Brett Kavanaugh hearings day 3: Booker's "Spartacus moment"; same-sex marriage questions
President Trump's Supreme Court nomiee Brett Kavanaugh was questioned by the Senate Judiciary Committee on Thursday on topics that included same-sex marriage, Roe v. Wade and special counsel Robert Mueller's investigation. Sen. Cory Booker released documents pertaining to Kavanaugh's record that had deemed "confidential."
Reporting by Emily Tillett, Grace Segers, Ed O'Keefe, Kathryn Watson and Caroline Linton
Follow along for live updates of the hearing:
The hearing headed into a closed session around 10:15 p.m., almost 13 hours after it started. They will recovene Friday for the fourth day of hearings.
"I hope a lot of people in this country have formed very positive views of you, as I have," Senate Judiciary Committee Chairman Charles Grassley said as he adjourned the hearing.
Kavanaugh confirms friendship with Kasowitz firm attorney, says they never discussed Mueller probe
Sen. Richard Blumenthal floowed up on Sen. Kamala Harris' questions from Wednesday about if Kavanaugh had spoken to anyone at a the law firm of Mr. Trump's personal attorney, Marc Kasowitz, Kavanaugh said he has learned his friend, Ed McNally, worked at Kasowitz's firm.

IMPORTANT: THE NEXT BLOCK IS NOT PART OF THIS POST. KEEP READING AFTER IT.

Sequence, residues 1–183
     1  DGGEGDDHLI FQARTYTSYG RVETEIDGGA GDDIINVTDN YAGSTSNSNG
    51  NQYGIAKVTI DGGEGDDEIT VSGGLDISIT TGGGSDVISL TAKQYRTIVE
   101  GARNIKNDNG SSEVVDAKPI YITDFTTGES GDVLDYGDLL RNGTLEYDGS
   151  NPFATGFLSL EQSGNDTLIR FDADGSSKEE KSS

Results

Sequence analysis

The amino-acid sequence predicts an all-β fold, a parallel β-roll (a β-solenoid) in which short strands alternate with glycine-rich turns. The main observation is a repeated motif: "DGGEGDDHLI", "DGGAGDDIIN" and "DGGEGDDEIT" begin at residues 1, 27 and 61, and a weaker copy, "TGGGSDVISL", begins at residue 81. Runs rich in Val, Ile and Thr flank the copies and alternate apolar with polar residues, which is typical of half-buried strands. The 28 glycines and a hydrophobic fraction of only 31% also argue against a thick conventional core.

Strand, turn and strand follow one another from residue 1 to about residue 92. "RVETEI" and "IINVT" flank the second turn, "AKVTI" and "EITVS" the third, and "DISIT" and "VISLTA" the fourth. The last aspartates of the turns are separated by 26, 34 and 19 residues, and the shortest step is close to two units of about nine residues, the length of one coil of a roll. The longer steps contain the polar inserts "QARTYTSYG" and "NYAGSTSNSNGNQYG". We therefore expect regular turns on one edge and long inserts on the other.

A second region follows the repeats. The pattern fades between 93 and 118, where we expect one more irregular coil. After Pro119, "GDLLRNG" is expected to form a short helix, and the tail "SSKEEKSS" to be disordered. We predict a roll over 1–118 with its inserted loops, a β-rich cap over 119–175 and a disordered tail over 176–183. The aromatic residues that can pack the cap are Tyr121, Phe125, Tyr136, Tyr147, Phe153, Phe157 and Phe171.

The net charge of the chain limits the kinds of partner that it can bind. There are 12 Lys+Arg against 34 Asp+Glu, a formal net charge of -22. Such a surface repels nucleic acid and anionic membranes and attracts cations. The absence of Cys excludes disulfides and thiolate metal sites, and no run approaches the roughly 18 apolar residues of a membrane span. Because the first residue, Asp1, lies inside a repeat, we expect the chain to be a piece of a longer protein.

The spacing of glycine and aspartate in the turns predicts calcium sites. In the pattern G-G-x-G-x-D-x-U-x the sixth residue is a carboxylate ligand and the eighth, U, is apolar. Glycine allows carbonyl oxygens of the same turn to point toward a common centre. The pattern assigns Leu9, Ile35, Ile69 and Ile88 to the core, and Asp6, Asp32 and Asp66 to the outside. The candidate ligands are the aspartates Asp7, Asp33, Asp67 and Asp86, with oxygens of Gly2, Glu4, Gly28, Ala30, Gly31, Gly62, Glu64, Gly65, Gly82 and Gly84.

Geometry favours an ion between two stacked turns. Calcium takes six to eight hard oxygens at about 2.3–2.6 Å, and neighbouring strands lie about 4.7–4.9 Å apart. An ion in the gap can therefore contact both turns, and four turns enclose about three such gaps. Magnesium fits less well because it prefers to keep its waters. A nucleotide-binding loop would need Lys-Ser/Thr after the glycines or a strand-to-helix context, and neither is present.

"I know Ed McNally used to work at the White House counsel's officeand I now -- I understand that he works at that law firm," Kavanaugh said.
Kavanaugh said he never discussed the Mueller probe with McNally and he is not acquainted with Kasowitz.
Session breaks before third round of questions
The committee took a five minute break at approximately 7:39 p.m.
Democrats are questioning Kavanaugh for a third round of questions after the break. They are each allotted eight minutes.
The committee will then go into closed session.
Kavanaugh deflects on same-sex marriage, family separations
When asked by California Sen. Kamala Harris, Kavanaugh declined to say whether he believed that Obergefell v. Hodges, which legalized same-sex marriage, was correctly decided, employing the precedent of judicial nominee commenting on recent cases.
He also did not comment on family separations at the U.S.-Mexico border, or about the right of the president or Congress to exclude immigrants from entering the country based on race.
Sen. Thom Tillis thanks hearing police
Sen. Thom Tillis thanked all of the police present at the hearing who are required to work 16-hour shifts. The nod warranted bipartisan applause.
Tillis asked Kavanaugh why he hopes to become the next Supreme Court Justice.
"Public service as a judge is a great honor and it's a great responsibility," Kavanaugh said.
Sen. Booker asks Kavanaugh if he respects President Trump
Sen. Booker asked Kavanaugh if character matters for president of the United States and asked him if he respects President Trump.
The senator from New Jersey pointed out that of the original two lists of potential Supreme Court nominees Mr. Trump put out, Kavanaugh was on neither.
Hearing Returns from recess
At 6:17 p.m., the hearing returned from a 30-minute recess and Sen. Cory Booker began questioning Kavanaugh.